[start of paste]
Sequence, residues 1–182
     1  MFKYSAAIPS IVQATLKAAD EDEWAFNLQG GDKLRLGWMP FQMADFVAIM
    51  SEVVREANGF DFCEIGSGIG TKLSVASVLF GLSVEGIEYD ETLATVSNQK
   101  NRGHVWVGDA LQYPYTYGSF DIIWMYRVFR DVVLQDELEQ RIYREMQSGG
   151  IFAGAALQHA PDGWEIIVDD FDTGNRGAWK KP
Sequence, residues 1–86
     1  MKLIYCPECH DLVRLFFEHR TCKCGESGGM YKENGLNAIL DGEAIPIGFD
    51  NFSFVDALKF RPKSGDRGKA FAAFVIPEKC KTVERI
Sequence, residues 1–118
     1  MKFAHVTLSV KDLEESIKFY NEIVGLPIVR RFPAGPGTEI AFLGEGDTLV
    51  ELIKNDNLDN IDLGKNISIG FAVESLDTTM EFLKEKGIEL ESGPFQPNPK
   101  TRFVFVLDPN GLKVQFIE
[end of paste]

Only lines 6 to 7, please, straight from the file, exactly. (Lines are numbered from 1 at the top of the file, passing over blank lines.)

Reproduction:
Sequence, residues 1–86
     1  MKLIYCPECH DLVRLFFEHR TCKCGESGGM YKENGLNAIL DGEAIPIGFD